Karl Franz Wilhelm
30 Sep 1842 - May 1873 @ Wien, Niederösterreich
a son of Wilhelmina Khym
& Franz Schönaich
to My Introduction Page for Genealogy.
Richard Wagner, My Life. Translated by Andrew Gay.
Edited by Mary Whittall. (Cambridge, UK: Cambridge
University Press, 1983).
pp. 734-35 : "In his great
anxiety to cover up my departure, Standhartner had me
come to dine at his house, where my servant Franz Mrazek
brought me my luggage. I bade a very distressed farewell to
him, his wife Anna [sic], as well as my good dog Pohl.
Standhartner's stepson Karl Schönaich,
who wept from grief, and Cornelius, who by contrast was in a
frivolous mood, accompanied me to the station, where I
departed on the afternoon of March 23rd, to go first of all
to Munich, where I hoped to be completely unnoticed and have
a chance to recuperate for two days from the frightful
strain of the recent past."
Letter of Josef Standthartner to Richard Wagner,
August 18, 1871. Richard-Wagner-Museum, Bayreuth. IV A
"Beloved Friend: Since a few days I am
recovering from a terribly painful ear infection that forced
me for the last 5 weeks to total rest. I am so far recovered
that I will leave tomorrow for the mountains, where I hope
with rest and the better air to regain the use of my right
ear. Until now the sounds in my right ear remined me of the
waterfall in Freischütz.
Dr. Carl Schönaich, Wien,
"....Please send list of royalties to Vienna to my name,
without adding a letter, at the Address:
If I should need money during my travel, I can thus get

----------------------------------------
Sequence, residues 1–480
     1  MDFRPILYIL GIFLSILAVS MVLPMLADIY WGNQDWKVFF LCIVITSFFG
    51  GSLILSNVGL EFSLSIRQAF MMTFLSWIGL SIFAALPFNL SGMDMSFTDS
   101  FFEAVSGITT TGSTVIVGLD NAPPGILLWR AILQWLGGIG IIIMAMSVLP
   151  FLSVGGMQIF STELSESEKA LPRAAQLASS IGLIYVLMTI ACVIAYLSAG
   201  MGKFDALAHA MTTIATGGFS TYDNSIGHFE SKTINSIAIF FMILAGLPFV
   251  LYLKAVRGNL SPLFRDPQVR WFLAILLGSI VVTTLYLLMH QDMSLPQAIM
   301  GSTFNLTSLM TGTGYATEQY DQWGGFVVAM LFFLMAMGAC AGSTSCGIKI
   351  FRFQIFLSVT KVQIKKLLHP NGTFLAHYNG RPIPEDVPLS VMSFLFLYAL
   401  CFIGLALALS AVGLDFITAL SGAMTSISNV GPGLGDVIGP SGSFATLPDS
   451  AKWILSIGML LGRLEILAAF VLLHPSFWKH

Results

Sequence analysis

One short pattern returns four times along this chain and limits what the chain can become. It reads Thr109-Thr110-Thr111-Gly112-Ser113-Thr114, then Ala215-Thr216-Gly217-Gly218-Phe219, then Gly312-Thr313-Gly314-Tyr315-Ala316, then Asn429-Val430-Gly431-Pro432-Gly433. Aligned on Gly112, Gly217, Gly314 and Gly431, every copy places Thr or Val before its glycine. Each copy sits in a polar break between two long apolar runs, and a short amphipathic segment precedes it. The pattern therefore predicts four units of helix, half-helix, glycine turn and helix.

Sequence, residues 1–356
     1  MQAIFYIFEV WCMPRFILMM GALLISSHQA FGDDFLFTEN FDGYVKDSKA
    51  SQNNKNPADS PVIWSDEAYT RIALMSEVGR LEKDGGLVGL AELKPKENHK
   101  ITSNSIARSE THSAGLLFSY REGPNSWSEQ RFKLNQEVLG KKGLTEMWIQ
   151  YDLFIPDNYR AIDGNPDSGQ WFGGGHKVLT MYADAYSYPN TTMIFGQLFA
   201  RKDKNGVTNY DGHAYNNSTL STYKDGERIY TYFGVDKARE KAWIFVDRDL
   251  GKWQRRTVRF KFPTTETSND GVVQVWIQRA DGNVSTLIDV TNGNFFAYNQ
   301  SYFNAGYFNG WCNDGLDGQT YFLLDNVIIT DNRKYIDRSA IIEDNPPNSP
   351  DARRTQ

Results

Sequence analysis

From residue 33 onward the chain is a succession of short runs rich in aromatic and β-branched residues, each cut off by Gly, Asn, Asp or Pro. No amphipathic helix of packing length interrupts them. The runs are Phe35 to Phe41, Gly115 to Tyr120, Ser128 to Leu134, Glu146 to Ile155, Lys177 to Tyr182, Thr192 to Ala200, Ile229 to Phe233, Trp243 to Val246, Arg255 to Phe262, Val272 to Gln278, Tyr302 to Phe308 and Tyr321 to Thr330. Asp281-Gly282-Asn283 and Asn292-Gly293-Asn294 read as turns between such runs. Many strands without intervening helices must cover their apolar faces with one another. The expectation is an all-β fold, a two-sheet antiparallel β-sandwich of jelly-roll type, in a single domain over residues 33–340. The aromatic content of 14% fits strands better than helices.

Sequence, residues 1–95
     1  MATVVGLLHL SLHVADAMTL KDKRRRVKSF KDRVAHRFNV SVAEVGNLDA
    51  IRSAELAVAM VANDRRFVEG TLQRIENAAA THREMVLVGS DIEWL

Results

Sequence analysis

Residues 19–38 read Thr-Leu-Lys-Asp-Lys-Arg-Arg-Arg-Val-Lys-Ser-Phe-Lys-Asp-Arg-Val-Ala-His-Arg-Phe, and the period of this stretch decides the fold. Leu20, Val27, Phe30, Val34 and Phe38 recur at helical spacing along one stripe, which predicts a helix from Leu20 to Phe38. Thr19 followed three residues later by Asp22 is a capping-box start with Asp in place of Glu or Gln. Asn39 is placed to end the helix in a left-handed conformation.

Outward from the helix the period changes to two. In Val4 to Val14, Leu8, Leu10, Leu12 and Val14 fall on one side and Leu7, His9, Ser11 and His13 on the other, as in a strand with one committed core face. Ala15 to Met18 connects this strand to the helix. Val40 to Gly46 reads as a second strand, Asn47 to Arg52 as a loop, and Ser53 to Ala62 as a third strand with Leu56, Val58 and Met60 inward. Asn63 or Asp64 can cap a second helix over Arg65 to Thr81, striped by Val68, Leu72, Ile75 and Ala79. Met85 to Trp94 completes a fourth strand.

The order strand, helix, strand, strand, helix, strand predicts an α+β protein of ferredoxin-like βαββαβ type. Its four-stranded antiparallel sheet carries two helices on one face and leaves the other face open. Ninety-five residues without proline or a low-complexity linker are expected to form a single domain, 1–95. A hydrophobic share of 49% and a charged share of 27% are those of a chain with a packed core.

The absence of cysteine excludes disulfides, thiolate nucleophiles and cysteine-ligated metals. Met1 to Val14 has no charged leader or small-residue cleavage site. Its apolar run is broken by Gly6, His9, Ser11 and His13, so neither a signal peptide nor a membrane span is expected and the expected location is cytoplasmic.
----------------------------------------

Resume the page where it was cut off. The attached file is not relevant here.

it through Carl.
"One thing I sincerely hope, that you will never believe,
that my love and admiration for you will ever change. It is
for me a blessing for all times that I can be close to you
and always will be. The memories of our closeness were often
a great support to me in difficult times. In our family you
are like a God, and with us there is only one infallible
person and that is R. Wagner. It would amuse you to hear how
often I play Lohengrin alone and as reward Meistersinger, or
sing Walküre. Before I became sick, I heard H. Natke,
an enthusiastic admirer of you, say: 'What a new world he
shows us!' At the end I had great success with Wotan's
Cosima Wagner's Diaries. Vol. I: 1869-1877. Edited
and annotated by Martin Gregor-Dellin and Dietrich Mack.
Translated and with an Introduction by Geoffrey Skelton.
(New York, NY: Harcourt Brace Jovanovich, 1978).
Tuesday, May 6, 1873: "Returning from
my morning walk, I find R. in deep grief; he had received a
letter from our friend Dr. Standhartner, had opened
it with a smile, for the excellent man does not usually
write to him, and discovered in it the news of the death of
[Karl Schönaich] his eldest [sic] son, the sole
aid of our dear friend! The same thing happened years ago,
when likewise after a long silence he wrote to announce the
death of his daughter [Wilhelminna Schönaich].
In his hour of sorrow he always thinks first of R.---this
man of few words feels the need to talk to him. We are
deeply upset---I am reminded of the words R. once said to
me: 'The death of one of our children would mean my death.'
On this day only genius could raise our spirits; for some
reason I do not know, R. quoted from Don Quixote the
frequently recurring phrase 'Either I know nothing of
adventures or---' and we have to laugh heartily over this
pedantic preface. R. declares that nobody can laugh with him
as I can---yet at the same time we are so sad, and my tears
will not cease."